Acquired: Breeder (hobby breeder)
Posted October 19, 2015
My family got Mo (short for 'Woofgang Imadogus Muttzart) when I was just a child. He was a short-haired, miniature, red Dachshund and we adored him. My first sight of him was as a tiny, curled up puppy in my mother's palm when I got off the bus. What a great Christmas present!
Mo was very attached to 'his' people. He was tolerant but not warm with strangers. The tolerance developed only after fervent barking and our own demonstrations of approval. Mo barked a lot, not only at intruders to his territory, but at other dogs who dared to appear on the same walking routes. I've met other dachshunds who are more friendly with strangers than Mo was, so it might just be that we got a unique purebred.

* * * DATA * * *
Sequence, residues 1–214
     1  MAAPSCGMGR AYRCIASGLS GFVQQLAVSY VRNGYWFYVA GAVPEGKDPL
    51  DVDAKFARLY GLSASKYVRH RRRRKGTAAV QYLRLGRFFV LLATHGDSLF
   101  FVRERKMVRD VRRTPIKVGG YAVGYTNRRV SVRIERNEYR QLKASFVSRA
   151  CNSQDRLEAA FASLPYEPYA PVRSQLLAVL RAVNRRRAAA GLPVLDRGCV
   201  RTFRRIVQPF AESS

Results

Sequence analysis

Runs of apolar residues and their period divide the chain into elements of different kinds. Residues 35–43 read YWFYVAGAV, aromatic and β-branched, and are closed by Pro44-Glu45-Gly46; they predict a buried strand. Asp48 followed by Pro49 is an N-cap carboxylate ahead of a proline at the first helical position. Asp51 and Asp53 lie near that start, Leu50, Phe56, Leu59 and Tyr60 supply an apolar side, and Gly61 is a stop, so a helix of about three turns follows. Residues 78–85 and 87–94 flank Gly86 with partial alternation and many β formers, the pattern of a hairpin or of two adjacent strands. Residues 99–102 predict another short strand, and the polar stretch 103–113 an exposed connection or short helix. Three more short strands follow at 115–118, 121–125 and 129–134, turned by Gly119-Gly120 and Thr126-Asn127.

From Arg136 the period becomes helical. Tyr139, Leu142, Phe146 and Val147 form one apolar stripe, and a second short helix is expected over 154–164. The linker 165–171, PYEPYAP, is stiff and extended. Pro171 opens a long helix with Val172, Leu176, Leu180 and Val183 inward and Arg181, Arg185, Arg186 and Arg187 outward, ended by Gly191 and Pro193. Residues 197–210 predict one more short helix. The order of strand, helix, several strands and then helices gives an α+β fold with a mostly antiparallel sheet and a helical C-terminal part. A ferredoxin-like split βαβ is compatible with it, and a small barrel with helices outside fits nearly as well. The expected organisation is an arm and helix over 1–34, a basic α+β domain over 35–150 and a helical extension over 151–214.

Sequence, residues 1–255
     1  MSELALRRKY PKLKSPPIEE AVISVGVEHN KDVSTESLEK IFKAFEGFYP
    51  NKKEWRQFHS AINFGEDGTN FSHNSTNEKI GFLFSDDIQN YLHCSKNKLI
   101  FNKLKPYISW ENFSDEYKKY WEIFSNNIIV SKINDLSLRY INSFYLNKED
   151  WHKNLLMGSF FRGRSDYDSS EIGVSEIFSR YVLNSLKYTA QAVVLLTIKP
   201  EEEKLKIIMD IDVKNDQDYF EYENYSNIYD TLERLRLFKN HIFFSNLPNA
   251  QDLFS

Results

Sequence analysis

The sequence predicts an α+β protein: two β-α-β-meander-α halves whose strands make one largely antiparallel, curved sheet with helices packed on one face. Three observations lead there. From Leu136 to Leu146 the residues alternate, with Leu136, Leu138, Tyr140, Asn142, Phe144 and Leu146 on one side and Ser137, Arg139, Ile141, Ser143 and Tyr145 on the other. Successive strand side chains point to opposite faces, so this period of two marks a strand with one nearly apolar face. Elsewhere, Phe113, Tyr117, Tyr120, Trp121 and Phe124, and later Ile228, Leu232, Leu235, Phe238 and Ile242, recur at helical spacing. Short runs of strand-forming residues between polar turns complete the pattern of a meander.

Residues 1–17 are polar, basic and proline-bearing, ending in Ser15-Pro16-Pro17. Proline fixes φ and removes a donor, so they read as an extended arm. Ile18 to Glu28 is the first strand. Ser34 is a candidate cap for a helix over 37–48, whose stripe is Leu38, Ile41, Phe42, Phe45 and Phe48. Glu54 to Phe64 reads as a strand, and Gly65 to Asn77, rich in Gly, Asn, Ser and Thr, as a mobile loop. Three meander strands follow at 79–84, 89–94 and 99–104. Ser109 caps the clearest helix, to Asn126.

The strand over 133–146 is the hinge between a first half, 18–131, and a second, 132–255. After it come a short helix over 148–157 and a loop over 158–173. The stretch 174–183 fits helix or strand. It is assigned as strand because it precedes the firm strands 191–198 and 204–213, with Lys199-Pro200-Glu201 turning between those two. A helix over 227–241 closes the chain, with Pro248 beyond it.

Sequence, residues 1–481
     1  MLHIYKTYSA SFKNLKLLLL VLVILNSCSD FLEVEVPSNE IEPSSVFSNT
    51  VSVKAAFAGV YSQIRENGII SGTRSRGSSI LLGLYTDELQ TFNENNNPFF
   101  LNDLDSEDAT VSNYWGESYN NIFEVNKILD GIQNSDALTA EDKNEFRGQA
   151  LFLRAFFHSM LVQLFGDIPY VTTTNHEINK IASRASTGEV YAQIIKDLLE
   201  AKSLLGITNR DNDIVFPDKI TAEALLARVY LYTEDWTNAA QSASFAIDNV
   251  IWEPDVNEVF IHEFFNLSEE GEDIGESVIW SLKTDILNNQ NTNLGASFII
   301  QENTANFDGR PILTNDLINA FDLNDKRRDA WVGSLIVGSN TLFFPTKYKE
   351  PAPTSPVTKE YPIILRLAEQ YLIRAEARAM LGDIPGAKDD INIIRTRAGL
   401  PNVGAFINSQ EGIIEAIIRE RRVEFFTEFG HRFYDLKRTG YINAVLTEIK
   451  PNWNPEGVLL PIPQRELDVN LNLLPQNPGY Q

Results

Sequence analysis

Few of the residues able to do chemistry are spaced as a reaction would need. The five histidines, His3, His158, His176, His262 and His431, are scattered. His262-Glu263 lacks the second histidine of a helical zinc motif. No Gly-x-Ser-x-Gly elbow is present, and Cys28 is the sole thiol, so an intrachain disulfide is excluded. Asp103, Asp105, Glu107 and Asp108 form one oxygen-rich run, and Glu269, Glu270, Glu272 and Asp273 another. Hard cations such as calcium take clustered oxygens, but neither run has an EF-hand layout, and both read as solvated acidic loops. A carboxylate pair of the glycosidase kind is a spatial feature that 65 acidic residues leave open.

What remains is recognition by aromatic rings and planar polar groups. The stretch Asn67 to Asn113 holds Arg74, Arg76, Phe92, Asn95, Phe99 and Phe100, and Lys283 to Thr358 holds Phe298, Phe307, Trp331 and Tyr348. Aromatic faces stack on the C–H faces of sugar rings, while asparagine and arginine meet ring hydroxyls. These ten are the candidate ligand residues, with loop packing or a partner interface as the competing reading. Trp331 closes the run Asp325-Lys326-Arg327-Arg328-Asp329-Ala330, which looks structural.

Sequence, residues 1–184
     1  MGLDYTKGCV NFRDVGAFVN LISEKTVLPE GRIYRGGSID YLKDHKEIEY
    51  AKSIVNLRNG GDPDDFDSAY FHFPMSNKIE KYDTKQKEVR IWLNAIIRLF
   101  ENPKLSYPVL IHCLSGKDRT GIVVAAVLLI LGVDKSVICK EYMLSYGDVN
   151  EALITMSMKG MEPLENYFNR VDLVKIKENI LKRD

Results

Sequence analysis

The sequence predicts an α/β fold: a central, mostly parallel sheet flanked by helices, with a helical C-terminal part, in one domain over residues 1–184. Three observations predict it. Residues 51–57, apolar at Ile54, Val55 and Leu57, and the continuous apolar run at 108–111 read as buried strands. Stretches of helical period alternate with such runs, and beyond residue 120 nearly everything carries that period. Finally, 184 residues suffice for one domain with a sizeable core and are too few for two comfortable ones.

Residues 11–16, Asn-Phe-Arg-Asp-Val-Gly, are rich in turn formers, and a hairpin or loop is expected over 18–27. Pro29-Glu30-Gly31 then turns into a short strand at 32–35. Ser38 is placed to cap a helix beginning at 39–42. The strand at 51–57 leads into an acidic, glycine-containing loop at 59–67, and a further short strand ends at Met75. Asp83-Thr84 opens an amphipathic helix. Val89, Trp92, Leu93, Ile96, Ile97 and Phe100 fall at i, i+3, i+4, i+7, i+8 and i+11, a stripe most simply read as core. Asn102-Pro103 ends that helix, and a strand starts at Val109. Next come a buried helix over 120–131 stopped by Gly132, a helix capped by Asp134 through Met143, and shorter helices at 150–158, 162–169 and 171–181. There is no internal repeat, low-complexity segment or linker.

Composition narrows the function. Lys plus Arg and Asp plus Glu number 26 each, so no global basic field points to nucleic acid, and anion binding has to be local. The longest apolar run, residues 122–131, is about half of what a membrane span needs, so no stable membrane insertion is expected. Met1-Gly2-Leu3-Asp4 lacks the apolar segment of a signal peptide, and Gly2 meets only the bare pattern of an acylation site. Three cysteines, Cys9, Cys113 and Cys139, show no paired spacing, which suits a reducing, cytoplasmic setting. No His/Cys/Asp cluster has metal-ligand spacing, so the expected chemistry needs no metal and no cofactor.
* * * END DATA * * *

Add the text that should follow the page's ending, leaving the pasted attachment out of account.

His favorite activity was sunning himself on the deck, the yard, and -- in the winter -- behind our wood stove. Mo had a perpetual tan on his belly.
Mo wasn't stupid, but he was very stubborn. Although he understood our commands, ultimately it was up to him whether he'd obey. That's the number one common personality trait among dachshunds: their stubbornness!
For example, he was pretty well house-trained, unless we were away for several hours. Unlike our larger dog, Mo had no moral qualms about pooping on the carpet. When you gotta go, you gotta go.
Since he was a short-hair, grooming was incredibly easy. We hardly needed to bathe him, and he didn't shed much of a coat in winter. Since dachshunds are long, they can end up with back problems as they age. That happened twice with Mo. :( He lost mobility in his back legs. Although he was able to recover, it was an expensive and scary time.
Ultimately, though, if you like strong-willed dogs with a lot of loyalty, this little guys make great companions. I still miss my Mo.